With the aim to expand its territory in South China Sea, Beijing is aggressively building many new villages in disputed borderlands in the Himalayas, according to a report published in The Japan Times.
Brahma Chellaney, professor of strategic studies at the New Delhi-based Center for Policy Research, in an article, titled ‘China’s Himalayan salami tactics’ said, “China is aggressively building many new villages in disputed borderlands to extend or consolidate its control over strategically important areas that India, Bhutan, and Nepal maintain fall within their national boundaries.”
Chellaney wrote that the strategic implications of China’s drive to populate these desolate, uninhabited border areas is its major buildup of new military facilities. The new installations range from electronic warfare stations and air defence sites to underground ammunition depots.
“China’s militarised village-building spree has renewed the regional spotlight on Chinese President Xi Jinping’s expansionist strategy at a time when, despite a recent disengagement in one area, tens of thousands of its troops remain locked in multiple standoffs with Indian forces. Recurrent skirmishing began last May after India discovered to its alarm that Chinese forces had stealthily occupied mountaintops and other strategic vantage points in its northernmost Ladakh borderlands,” he wrote.
He further stated that Xi’s regime advanced its South China Sea expansionism through asymmetrical or hybrid warfare, waged below the threshold of overt armed conflict. This approach blends conventional and irregular tactics with small incremental territorial encroachments (or “salami slicing”), psychological manipulation, disinformation, lawfare, and coercive diplomacy.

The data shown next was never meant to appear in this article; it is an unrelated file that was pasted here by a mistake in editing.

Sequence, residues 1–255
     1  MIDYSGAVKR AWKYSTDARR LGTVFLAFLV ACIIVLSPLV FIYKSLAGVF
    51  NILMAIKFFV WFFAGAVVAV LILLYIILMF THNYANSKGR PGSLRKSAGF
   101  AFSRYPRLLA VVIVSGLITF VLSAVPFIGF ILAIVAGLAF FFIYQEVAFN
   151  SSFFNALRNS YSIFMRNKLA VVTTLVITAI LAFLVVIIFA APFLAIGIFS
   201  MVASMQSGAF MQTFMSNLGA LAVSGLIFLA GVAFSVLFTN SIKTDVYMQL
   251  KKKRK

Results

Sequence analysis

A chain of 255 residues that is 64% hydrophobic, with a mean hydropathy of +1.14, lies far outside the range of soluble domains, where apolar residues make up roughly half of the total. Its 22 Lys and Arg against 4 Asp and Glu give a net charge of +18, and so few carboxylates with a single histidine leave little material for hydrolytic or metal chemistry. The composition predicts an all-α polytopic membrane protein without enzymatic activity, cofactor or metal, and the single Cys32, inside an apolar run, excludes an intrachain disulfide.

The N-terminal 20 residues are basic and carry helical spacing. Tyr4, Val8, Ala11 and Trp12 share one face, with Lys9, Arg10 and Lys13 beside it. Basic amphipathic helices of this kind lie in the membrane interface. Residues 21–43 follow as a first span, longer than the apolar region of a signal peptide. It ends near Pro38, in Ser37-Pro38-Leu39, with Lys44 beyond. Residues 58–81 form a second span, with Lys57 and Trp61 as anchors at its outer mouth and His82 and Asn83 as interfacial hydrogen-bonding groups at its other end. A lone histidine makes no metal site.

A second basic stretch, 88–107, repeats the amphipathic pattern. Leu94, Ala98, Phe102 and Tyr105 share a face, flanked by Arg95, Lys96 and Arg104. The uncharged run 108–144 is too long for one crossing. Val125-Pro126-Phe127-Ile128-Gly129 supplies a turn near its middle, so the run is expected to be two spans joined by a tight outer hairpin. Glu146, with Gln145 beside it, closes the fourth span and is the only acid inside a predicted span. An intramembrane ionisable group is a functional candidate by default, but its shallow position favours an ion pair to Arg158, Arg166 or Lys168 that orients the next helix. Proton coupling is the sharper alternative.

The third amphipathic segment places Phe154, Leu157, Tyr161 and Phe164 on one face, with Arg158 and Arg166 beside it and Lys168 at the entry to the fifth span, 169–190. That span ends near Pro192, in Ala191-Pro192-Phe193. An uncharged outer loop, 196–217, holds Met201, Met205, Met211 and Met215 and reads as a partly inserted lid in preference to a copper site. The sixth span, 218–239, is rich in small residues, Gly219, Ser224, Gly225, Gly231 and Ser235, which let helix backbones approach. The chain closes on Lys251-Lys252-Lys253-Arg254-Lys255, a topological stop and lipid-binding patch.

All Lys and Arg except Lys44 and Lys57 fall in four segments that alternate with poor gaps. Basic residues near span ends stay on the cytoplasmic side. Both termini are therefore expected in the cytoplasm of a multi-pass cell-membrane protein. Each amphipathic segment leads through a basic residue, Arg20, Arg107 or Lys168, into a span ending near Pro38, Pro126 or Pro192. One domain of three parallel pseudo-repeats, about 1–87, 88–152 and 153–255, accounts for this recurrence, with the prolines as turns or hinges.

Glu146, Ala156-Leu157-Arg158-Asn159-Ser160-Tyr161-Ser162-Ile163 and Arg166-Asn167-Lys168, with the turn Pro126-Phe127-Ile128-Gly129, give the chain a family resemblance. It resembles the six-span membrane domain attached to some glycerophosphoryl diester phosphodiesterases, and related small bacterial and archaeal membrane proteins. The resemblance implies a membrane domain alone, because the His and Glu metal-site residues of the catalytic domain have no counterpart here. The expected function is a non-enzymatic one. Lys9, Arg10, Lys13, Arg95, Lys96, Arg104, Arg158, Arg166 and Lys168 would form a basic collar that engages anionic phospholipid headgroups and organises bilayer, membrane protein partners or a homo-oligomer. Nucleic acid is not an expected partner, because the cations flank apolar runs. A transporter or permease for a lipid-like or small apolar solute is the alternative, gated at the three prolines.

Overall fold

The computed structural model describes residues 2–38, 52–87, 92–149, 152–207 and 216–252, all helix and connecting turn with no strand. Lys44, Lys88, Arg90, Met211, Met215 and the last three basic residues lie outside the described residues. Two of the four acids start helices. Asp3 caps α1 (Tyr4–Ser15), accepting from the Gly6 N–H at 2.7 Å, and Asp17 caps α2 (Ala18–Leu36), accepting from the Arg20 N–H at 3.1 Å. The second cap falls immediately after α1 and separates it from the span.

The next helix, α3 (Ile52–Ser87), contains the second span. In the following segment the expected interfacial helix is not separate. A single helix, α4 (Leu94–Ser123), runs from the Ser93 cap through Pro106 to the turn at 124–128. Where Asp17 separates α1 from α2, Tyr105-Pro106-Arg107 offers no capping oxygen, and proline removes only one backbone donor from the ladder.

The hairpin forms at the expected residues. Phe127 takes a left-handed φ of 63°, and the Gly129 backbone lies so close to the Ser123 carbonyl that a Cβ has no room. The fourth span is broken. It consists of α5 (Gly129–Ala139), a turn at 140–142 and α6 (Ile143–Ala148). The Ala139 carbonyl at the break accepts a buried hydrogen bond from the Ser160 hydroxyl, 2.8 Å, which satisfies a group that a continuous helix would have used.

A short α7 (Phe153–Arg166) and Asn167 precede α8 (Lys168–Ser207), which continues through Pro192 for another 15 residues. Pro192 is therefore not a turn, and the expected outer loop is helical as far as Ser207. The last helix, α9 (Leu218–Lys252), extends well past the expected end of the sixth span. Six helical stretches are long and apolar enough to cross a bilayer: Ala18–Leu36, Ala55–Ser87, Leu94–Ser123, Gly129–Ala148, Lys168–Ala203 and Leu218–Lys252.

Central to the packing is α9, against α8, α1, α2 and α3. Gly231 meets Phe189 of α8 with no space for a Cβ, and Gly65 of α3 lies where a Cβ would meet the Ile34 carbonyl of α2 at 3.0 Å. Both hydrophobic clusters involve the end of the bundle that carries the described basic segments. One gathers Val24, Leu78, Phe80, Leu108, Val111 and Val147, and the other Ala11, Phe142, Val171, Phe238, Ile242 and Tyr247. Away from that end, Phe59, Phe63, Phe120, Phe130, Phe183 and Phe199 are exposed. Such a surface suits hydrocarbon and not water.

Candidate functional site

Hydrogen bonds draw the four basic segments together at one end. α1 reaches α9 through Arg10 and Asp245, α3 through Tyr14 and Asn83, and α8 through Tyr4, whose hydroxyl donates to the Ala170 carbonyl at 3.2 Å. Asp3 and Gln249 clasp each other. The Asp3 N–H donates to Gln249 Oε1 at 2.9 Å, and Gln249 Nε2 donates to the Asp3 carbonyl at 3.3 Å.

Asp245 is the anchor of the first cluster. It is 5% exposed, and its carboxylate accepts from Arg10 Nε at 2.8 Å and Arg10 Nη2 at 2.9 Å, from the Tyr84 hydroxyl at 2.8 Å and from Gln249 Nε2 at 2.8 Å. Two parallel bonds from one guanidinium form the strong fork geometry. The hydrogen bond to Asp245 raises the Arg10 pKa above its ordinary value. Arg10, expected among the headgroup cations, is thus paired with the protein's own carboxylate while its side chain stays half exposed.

The Hong Kong-based South China Morning Post, citing a Chinese government document, recently reported that China intends to build 624 border villages in disputed Himalayan areas.
“In the name of “poverty alleviation,” the Communist Party of China (CPC) is callously uprooting Tibetan nomads and forcing them to settle in artificial new border villages in isolated, high-altitude areas,” Chellaney said while adding that the CPC has also sent ethnic Han Chinese party members to such villages to serve as resident overseers.
By building new border villages and relocating people there, China can now invoke international law in support of its claims. Effective control is the sine qua non of a strong territorial claim in international law. Armed patrols don’t prove effective control, but settlements do, wrote Chellaney.
He added that China’s construction of villages and military facilities in the borderlands threatens to wreak havoc on the ecologically fragile Himalayas, which are the source of Asia’s great rivers. Environmental damage is already apparent on the once-pristine Doklam Plateau, claimed by Bhutan, which China has transformed into a heavily militarized zone since seizing it in 2017.